Above all, she must never trust anything Trump says, publicly or privately, and not rise to the bait he throws out with his tweets and hate-mongering rallies. Chaos is his friend. He will lie and mislead as he always has, his primary goal being disrupting the opposition and convincing himself that he won. Nothing else matters to Trump. He’s a master at it, and he prosecutes every objective with ruthless obsession.

The question of whether to pursue bipartisan objectives is complex. On one hand, the new House will contain a number of eager Progressives looking to make a mark, and Pelosi herself needs to have legislative wins to provide momentum for 2020. She’d love to be able to take credit for ending Congressional deadlock, but she can’t get too carried away with fantasies.

Trump cares not at all about bipartisan solutions. He won’t take any position that angers his base, and he has carefully honed that third of the country’s electorate to despise Progressivism. He will never voluntarily back off on his appeals to racism and his attempts to keep immigrants out so America will remain dominated by white money. He’ll never compromise on any significant issue unless he is compelled to by the courts or he senses cracks in his own party.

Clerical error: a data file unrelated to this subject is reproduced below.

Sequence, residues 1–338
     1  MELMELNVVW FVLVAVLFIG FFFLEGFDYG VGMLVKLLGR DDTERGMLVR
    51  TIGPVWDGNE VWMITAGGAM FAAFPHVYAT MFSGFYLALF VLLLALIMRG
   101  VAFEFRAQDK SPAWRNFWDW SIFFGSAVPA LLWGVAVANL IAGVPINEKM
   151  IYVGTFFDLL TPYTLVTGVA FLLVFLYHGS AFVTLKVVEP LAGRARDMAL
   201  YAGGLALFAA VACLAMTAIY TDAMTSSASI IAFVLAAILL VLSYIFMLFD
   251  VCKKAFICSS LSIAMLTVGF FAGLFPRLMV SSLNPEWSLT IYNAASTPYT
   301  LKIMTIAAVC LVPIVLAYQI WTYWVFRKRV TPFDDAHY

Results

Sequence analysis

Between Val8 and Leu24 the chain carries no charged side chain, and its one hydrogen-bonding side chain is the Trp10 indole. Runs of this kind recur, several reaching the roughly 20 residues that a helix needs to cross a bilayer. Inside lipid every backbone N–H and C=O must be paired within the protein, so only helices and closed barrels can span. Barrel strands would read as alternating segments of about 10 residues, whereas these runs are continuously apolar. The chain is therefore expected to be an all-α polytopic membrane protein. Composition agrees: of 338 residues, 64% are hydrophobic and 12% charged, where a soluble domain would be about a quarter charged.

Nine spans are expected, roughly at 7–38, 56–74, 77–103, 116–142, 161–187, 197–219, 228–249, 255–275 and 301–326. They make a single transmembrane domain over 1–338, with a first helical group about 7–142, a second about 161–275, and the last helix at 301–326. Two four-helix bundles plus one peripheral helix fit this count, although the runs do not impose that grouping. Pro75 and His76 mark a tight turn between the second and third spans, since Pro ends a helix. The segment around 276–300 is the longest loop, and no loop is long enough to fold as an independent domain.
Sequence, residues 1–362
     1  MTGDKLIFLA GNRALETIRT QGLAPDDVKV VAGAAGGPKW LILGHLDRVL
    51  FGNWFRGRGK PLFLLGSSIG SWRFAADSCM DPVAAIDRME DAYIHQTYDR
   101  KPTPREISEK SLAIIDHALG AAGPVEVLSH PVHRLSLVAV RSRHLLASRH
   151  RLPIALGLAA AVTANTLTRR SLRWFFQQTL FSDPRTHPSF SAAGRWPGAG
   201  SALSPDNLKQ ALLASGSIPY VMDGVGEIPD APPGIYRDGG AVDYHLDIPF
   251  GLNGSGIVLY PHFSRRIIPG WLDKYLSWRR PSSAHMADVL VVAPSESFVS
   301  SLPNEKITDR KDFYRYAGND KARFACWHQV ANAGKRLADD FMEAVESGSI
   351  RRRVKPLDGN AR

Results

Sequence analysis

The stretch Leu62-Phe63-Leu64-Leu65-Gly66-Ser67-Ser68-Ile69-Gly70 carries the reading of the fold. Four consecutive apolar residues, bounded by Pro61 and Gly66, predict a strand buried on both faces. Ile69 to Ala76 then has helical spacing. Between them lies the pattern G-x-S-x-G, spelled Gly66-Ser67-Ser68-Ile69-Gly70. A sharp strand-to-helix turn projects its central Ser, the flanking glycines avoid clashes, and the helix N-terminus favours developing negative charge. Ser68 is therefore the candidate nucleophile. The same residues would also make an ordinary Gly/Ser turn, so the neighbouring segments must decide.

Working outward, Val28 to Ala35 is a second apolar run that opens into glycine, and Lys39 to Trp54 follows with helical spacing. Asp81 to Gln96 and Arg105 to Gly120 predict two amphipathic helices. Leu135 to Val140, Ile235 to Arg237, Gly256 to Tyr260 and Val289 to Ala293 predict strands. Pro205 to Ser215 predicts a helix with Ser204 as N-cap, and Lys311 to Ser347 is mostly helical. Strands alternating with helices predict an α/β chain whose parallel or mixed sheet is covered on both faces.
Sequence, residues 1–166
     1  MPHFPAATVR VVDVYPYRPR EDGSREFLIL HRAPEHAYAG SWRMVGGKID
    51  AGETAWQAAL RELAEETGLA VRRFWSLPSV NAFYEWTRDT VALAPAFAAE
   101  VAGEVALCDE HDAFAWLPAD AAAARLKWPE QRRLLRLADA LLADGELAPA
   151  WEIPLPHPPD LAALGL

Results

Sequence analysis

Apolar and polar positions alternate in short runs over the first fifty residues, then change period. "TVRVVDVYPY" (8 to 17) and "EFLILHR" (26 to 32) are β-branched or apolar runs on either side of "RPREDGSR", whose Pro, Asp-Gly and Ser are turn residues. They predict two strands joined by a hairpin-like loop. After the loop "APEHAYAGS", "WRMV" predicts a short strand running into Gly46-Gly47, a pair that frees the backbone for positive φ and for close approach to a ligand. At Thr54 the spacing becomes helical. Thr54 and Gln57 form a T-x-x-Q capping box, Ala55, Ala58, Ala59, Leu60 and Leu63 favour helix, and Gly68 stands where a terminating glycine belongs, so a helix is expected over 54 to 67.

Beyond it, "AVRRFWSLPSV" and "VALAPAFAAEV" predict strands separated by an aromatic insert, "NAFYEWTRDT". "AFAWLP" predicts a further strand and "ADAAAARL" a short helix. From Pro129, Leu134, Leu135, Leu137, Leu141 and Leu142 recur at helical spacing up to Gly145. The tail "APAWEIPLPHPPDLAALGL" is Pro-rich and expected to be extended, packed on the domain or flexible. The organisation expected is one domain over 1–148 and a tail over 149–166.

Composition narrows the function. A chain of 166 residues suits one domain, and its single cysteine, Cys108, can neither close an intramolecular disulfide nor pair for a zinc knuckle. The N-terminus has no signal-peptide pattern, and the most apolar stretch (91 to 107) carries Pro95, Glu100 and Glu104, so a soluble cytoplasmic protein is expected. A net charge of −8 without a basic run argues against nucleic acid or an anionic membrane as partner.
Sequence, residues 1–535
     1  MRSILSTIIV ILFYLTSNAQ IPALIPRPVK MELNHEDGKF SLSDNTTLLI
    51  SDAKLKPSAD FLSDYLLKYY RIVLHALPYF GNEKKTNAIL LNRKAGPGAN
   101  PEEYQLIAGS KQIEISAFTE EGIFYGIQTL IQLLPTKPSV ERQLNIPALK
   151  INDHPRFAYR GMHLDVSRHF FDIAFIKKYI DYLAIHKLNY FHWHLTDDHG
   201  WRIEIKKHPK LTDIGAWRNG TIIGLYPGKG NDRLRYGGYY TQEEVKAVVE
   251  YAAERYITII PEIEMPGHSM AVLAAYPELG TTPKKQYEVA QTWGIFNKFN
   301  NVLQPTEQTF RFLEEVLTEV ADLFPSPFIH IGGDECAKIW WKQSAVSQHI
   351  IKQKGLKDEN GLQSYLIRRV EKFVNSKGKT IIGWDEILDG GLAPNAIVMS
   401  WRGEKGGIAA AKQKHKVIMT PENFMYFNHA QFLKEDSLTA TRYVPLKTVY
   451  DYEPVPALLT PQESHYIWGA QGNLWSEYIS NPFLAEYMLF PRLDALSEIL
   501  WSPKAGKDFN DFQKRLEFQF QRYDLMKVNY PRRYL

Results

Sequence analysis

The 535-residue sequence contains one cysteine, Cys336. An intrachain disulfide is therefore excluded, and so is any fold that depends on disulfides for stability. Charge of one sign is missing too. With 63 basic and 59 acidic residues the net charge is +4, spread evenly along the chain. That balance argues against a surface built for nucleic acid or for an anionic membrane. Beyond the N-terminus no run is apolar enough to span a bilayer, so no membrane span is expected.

The worst thing Pelosi can do is invest her majority in long, drawn out attempts to create legislation based on assurances from Trump. If she makes that mistake, it will be election season 2020 before she knows it and the Democrats will have no record to run on.

As to obstructing Trump’s agenda, Trump has and will blame Democrats for everything that doesn’t get passed, whether or not there’s any truth to support him. The 2018 election wave established that a significant majority of Americans are already wise to that tactic, so Pelosi really has little to lose. On the positive side, she received her majority because the key voters who were the difference in the 2016 election stated clearly that they don’t like the directions Trump is taking us.